Medication for pilots


Medication or medicine can be defined is a pharmaceutical drug that has been chemically manufactured for the intended use of a medical diagnosis, cure, treatment, prevention of illness or disease.

As a pilot, it is important to be fit to fly. This means being free of all physical illness, so as to be mentally, physically and emotionally ready for any task. However it is not uncommon for pilots to fall ill and be prescribed over the counter drugs by their family physician. Thus for aviation professionals, usage of medication should be accompanied with a close understanding of the characteristics a drug has, especially its half-life and its effect on performance (Hawkins & Orlady, 1993). The half-life of a drug is the time it takes for the drug to lose half its original concentration or activity after being introduced into the body (National Library of Medicine). This affects the body and may be incompatible with flying or managing air traffic control towers. Thus aviation professionals need to be aware of how side effects may be important in relation to their jobs. (Campbell & Bagshaw, 2002). Common side effects of medication on the human body may include depression of sensory function, decreased co-ordination, drowsiness and impaired judgment (Campbell & Bagshaw, 2002). Some side effects however may be minor in the ground environment, but maybe less predictable at altitude.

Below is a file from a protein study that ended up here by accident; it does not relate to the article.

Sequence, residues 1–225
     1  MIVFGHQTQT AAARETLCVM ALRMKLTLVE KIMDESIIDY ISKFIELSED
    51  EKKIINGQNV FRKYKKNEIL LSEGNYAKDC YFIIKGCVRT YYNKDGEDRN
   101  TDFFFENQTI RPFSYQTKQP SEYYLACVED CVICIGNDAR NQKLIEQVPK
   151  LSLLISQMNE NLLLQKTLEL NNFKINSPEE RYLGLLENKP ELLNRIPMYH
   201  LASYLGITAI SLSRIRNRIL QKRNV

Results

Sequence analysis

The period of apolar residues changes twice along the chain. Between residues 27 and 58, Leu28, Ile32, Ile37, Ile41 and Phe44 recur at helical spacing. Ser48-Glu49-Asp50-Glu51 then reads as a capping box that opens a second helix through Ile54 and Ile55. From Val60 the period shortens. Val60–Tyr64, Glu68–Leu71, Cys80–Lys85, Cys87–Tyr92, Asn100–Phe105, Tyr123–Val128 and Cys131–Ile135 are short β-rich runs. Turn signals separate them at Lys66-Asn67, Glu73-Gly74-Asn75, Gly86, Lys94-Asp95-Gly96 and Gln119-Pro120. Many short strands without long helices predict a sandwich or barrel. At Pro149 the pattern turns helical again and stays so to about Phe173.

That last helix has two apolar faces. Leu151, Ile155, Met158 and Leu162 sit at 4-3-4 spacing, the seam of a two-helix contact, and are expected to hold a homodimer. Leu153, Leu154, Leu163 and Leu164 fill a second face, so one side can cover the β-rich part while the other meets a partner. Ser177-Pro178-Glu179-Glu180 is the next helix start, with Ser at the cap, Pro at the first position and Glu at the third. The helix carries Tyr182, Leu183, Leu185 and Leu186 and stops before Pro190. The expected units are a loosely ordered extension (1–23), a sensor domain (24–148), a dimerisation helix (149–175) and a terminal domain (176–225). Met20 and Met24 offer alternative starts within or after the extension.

Medical certification for pilots

International Civil Aviation Organisation (ICAO) sets the medical standards and requirements for aviation licenses across the world, but each state is able to interpret these guidelines in their own way. As accruing to ICAO, o become a professional pilot, any applicant must be in "normal good health including normal hearing, normal vision and normal color perception".

There are three types of medical certificates granted to pilots on the basis that they pass the medical checks.

  • Third Class Medical Certificate: necessary to exercise the privileges of a private pilot license or certificate. You can also exercise the privileges of a recreational pilot certificate, student pilot certificate, or flight instructor certificate with this medical certification. In the United States, it expires after 60 calendar months for someone under the age of forty years, or 24 calendar months for someone over forty.